Although some indigenous knowledge is lost naturally as practices get modified or are left unused for long time periods, the current rate of loss can be attributed to modernization and cultural homogenization. The current educational systems that believe macro-level problems can only be addressed through the global knowledge pool and the slow growth of institution supporting grassroots innovations are also obstacles therefore to avoid more cultural erosion its essential for indigenous knowledge to be integrated into formal education curricula.

Kenya has sound existing research and academic institutions that could potentially play a vital role in promoting, recognizing, developing and protecting indigenous knowledge as well as incorporating it successively with formal education systems within its curriculum. This would water down to the grassroots level, ultimately leading to economic benefits.

Indigenous peoples and local communities have much to contribute to global discussions concerning sustainability and have a right to participate in matters that may affect them. As proponents and practitioners of both biological and cultural diversity and biocultural diversity, indigenous peoples and local communities have unique insights into possible solutions that can promote biodiversity conservation both locally and globally.

Sacred Mijikenda Kaya Forests – A Culture like no other

The Mijikenda Kaya Forests consist of 11 separate forest sites spread over some 200 km along the coast containing the remains of numerous fortified villages, known as kayas, of the Mijikenda people. The kayas, created as of the 16th century but abandoned by the 1940s, are now regarded as the abodes of ancestors and are revered as sacred sites and, as such, are maintained as by councils of elders. The site is inscribed as bearing unique testimony to a cultural tradition and for its direct link to a living tradition.

A glimpse into one of the forests

There are today over 60 Kayas in Coastal Kenya, but since the 18th century, local communities have moved out of them to live in surrounding villages, continuing to use the sacred forest as their primary place of worship. Kaya Kinondo remains of great historical and cultural importance.

Kaya Kinondo is one of few makaya (sacred forests along the Kenyan coast) that visitors are allowed to enter. This 30-hectare forest located in Diani beach, just south of Mombasa, the seniormost forest for the Digo community. The forest is maintained by the Kaya Kinondo Ecotourism Project.

Visitors to Kaya Kinondo enjoy a guided walk into the forest during which the community shares information on the Kaya and other aspects of the local culture. They also get the opportunity to visit Kinondo village and interact with members of the local community, including the medicine man. Other activities that are available here include performances, sale of handicrafts and visits to the local school.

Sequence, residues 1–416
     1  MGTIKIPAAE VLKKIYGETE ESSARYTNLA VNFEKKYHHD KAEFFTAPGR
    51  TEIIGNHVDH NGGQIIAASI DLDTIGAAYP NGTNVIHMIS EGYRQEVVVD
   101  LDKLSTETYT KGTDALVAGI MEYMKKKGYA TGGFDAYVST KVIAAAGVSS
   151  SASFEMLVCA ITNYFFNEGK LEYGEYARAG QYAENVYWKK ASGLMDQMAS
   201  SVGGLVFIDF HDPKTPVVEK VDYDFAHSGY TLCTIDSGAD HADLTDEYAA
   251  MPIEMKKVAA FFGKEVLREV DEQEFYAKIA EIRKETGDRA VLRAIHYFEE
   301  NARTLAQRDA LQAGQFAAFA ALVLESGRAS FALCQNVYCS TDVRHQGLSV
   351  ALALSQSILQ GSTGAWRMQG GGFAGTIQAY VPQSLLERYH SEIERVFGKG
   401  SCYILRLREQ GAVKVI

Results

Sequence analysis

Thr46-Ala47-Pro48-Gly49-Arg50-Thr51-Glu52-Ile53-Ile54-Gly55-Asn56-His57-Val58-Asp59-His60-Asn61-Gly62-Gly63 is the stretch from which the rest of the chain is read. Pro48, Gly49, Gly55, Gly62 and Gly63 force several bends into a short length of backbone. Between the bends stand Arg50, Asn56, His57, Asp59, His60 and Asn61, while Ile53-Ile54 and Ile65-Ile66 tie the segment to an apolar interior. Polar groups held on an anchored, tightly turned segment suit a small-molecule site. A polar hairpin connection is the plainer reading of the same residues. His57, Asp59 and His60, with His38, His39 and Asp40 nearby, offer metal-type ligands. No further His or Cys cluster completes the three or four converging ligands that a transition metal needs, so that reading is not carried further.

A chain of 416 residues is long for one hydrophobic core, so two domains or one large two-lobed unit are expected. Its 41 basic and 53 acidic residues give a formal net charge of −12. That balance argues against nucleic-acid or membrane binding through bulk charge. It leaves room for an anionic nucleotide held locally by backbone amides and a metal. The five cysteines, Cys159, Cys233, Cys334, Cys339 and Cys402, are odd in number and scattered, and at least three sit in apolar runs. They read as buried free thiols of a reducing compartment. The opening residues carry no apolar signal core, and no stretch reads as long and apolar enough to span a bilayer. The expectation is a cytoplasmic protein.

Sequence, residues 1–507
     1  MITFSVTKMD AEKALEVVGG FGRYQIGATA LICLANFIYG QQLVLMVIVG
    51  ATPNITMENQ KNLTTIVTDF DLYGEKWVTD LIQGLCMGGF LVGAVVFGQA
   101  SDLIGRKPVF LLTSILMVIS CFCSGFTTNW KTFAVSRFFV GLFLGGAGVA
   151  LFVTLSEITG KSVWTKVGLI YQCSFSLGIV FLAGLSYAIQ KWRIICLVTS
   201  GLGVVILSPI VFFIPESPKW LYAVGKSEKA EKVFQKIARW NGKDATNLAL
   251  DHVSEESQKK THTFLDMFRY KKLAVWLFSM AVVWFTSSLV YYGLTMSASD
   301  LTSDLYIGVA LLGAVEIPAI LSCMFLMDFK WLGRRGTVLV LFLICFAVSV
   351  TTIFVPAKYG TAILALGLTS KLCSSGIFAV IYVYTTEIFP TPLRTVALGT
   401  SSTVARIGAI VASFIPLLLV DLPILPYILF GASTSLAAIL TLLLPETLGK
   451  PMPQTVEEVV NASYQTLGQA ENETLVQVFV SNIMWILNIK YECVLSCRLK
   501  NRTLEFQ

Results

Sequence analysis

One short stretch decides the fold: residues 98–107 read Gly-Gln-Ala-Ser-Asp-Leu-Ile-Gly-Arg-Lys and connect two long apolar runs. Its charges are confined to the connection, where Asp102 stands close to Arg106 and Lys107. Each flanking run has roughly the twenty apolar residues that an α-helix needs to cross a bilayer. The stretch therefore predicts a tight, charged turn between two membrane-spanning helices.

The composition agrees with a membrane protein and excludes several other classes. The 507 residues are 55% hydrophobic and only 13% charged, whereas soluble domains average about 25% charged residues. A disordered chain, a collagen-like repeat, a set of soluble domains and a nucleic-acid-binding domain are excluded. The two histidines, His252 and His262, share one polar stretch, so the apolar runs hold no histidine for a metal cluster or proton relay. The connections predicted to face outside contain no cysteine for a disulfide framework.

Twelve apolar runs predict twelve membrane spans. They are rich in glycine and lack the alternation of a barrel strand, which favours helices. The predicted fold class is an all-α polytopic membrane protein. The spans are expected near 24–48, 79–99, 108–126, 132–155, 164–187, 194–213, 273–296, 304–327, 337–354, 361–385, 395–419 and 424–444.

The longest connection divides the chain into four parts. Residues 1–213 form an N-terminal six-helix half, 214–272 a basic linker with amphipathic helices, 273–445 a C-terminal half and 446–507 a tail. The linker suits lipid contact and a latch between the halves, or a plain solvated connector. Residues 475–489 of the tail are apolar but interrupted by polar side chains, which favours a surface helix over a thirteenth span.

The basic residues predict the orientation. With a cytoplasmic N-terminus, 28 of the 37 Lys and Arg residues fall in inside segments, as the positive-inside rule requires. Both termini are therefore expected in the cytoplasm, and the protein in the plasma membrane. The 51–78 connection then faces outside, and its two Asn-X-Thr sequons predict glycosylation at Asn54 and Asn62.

Every visitor to the forest has to tie a black cloth on them

Environmental conservation and cultural preservation

Today, there are 11 Kayas that are listed as UNESCO National Heritage Sites. Kaya Kinondo is not one of them since it is partially grabbed, but it is thanks to the ecotourism project at Kaya Kinondo that the others gained in exposure, attracting worldwide attention.

The project is also a great conservation initiative. There is minimal destruction since, according to their beliefs, spirits would attack anyone destroying nature. Insects are not disturbed. Even fetching firewood is not allowed according to local traditions. If a branch of a tree or the tree itself falls, it is simply left to rot, remaining part of the ecosystem. Needless to add, hunting is not allowed.

Kaya Kinondo Ecotourism Project carries out a wide range of environmental conservation efforts to preserve the forest. These include afforestation and raising awareness on the Kaya’s importance.

The community uses a set of rules both to safeguard the Kaya’s sanctity and to protect their culture. For instance, entry into the Kaya is allowed only on certain days, according to a traditional calendar. Visitors are not supposed to litter, smoke or take anything away from the Kaya. Moreover, there are still some sections of the Kaya that one is not allowed to venture into. 

Kaya Kinondo is reported to harbour 52 bird species and 192 plant species. The current pristine status of many Kayas demonstrates the important role that social taboos have played in biodiversity conservation over time; these forests have remained intact due to taboos that prohibited tree felling, livestock grazing and extraction of forest product.

 

The Digo people show us a beautiful example of environmental conservation and cultural preservation managed at the grassroots level.

 The next time you’re enjoying the sandy beaches at the coast take some time off to visit one of the Kaya forests, a culture that has survived modern day civilization without being changed or eroded.